(Skip to a specific section using the above links)
Browsing for ideas
The competition states that: “The aim of The Prize for Illustration 2017 competition is to attract artwork for display in an exhibition at London Transport Museum that is colourful, inspiring and celebrates the sounds heard in the hubbub and quiet spaces of the UK’s vibrant, diverse, multi-layered cities.”
Here are the terms for entry for this competition.
My initial ideas for this project include:
Pigeons, Seagulls, Crows, Ducks; these are all birds that reside in our cities and have their own musical quality they bring to each city. I feel this would be an interesting way to explore this brief.
Instead of the loud areas, I wanted to focus on the quieter side of a city, such as people reading either in libraries or bookshops, people on computers or mobile phones, as these are common occurrences in modern day life.
From light rain to gales, every city is affected by weather and each city responds to it differently. The sound of weather could be a very interesting approach to this brief.
From conversations with friends, business meetings to beggars asking for spare change, to market stall floggers and other vocalised chatter, it’s something no city is without. This would be an easy response to the brief.
Hull city of culture 2017
Thinking of specific locations for a UK city, I am definately inspired by the city i’m in currently. As there is a lot of excitement for it to become the city of culture in 2017 there are lots of interesting things happening. From builders drilling, and repaving many places throughout the city there is also a lot of excitement with volunteers popping up all over the place showing what is going to happen in 2017 such as new exhibitions or events throughout the city.
I have also had a look at 16 UK cities to visit in 2016, to get an idea of where people are likely to visit if I change my mind from Hull to somewhere else.
From music emanating from shops, clubs or gigs. I’ve been the most inspired by this point and had a look further into what musical elements frequent our cities. I came across this 4- part programme on different music from across the UK named ‘Sounds from the cities‘, it was an interesting and informative watch, and inspired my ideas for music in cities.
Music in Hull
For my final choice of idea for this project, I felt most inspired to combine music with Hull as it will be city of culture in 2017. I wanted something to show the diversity of genres of music that I have heard in hull, from buskers with bagpipes to rock concerts. Below is a collection of visual reference I have used to help me create my final images:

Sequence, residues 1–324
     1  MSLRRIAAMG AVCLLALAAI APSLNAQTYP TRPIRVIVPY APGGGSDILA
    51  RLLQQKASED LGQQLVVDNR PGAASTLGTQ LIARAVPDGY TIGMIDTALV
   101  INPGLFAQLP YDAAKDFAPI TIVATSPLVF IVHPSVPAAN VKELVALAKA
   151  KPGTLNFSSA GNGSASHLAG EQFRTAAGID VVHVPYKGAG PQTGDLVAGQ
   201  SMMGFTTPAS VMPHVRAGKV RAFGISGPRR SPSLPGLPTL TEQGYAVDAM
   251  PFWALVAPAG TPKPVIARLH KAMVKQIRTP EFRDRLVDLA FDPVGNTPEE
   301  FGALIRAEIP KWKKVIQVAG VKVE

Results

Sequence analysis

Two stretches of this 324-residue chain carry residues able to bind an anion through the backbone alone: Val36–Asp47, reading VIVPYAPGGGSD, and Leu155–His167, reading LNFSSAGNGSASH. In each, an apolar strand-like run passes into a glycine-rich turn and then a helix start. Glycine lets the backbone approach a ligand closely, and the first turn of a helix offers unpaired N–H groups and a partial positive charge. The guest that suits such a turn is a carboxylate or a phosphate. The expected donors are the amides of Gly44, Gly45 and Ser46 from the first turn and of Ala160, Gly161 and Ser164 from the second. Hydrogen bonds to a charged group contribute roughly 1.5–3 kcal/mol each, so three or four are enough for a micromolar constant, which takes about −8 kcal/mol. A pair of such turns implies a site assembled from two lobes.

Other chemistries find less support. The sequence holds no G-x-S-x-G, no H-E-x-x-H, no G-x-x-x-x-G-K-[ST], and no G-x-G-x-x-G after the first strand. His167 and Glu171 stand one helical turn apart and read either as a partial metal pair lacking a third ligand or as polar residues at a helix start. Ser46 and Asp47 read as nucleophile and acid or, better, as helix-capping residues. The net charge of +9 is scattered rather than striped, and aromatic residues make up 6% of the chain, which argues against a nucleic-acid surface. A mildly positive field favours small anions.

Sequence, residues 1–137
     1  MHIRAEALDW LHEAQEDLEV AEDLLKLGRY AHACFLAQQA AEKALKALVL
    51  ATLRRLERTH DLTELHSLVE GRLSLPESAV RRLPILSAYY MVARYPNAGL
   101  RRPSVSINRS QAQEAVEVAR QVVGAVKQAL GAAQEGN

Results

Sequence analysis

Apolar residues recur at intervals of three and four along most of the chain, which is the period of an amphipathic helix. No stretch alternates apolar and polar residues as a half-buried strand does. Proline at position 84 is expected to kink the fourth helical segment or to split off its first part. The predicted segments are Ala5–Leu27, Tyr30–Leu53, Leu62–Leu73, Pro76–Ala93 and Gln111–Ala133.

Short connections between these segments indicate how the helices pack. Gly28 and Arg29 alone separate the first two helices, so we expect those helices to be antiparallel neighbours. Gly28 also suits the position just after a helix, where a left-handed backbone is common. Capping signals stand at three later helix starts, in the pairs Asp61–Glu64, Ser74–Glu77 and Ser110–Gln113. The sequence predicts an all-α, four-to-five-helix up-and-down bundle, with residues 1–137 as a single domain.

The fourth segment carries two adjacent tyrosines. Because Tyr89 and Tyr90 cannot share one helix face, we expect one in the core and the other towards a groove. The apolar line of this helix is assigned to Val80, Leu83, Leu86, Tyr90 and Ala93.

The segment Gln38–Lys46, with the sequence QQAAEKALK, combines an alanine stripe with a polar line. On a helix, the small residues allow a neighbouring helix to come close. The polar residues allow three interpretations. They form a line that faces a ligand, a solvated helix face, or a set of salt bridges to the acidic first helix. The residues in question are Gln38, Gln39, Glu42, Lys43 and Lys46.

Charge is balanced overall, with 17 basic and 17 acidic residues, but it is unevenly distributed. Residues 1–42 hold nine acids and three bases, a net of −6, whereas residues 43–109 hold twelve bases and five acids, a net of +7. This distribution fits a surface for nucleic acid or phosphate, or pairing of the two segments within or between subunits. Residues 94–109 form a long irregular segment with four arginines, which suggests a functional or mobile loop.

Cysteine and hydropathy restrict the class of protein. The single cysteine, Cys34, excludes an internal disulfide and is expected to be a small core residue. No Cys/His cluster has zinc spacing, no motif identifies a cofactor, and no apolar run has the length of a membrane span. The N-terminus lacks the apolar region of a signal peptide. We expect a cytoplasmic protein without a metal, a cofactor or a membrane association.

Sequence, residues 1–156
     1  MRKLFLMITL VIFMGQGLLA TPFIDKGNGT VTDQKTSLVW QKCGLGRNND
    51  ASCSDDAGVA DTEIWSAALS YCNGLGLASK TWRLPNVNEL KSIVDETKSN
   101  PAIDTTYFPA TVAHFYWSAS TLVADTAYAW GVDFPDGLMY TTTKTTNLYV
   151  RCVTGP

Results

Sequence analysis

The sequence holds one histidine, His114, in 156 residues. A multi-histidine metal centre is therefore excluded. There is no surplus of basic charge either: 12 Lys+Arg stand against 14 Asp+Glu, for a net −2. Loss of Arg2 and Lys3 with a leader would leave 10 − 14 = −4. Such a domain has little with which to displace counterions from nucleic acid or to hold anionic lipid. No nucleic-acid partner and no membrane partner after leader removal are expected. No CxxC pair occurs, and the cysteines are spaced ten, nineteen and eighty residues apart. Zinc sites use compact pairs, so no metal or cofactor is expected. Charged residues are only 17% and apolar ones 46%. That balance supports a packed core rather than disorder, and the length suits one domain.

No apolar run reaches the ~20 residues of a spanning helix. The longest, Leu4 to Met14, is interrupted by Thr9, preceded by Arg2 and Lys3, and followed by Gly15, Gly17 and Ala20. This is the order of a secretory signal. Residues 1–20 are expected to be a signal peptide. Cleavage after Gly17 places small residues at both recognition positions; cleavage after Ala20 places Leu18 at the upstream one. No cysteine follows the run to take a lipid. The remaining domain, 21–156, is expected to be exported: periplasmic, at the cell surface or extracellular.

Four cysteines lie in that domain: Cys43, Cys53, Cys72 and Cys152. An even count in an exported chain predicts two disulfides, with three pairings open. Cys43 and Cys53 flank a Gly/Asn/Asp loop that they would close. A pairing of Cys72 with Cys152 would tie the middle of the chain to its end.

To get a better grasp on what kind of music is in hull i had a look at the following websites:
Hull’s best live music venues
Hull Truck Theatre
Hull Jazz Festival 1 Hull Jazz Festival 2
J Night – What’s On
Here is some information about it:
“You learn a lot about a city by asking about its sound” Peter Cusack
What is your favourite sound in the city where you live – or where you grew up, studied, worked, fell in love, played football or rugby league – or simply spent some time? Sonic artist Peter Cusack has been asking these questions since 1998 – and building an endlessly fascinating archive by inviting replies to this question in London, Beijing, Prague, Berlin, Birmingham, Manchester and Southend-on-Sea. The result is a series of intriguing and often surprising results, revealing both the city of the ear, and the significant role that everyday sounds play in our lives.
Now it’s Hull’s turn.
Favourite Sounds of Hull is a further step in a journey that encourages the local community as well as those who know and love Hull, to identify and share with the rest of the world, their favourite sounds of their city – a project devised especially for Hull, running from the autumn of 2016 and throughout the City of Culture year.
Favourite Sounds of Hull is curated by Peter Cusack, and produced by Serious in association with the School of Arts of the University of Hull. The project has been designed to complement Mind on the Run, the year–long celebration of Hull’s obscurely influential artist, the composer and sonic explorer Basil Kirchin.
If you’re interested in sharing your favourite sound, please visit the Favourite Sounds of Hull page and if you’re interested in hearing other sounds, look out for listening booths at various live events during 2017.
Thu, 22 Sep 2016 – Sun, 31 Dec 2017
This will be quite interesting to look out for after I finish this project.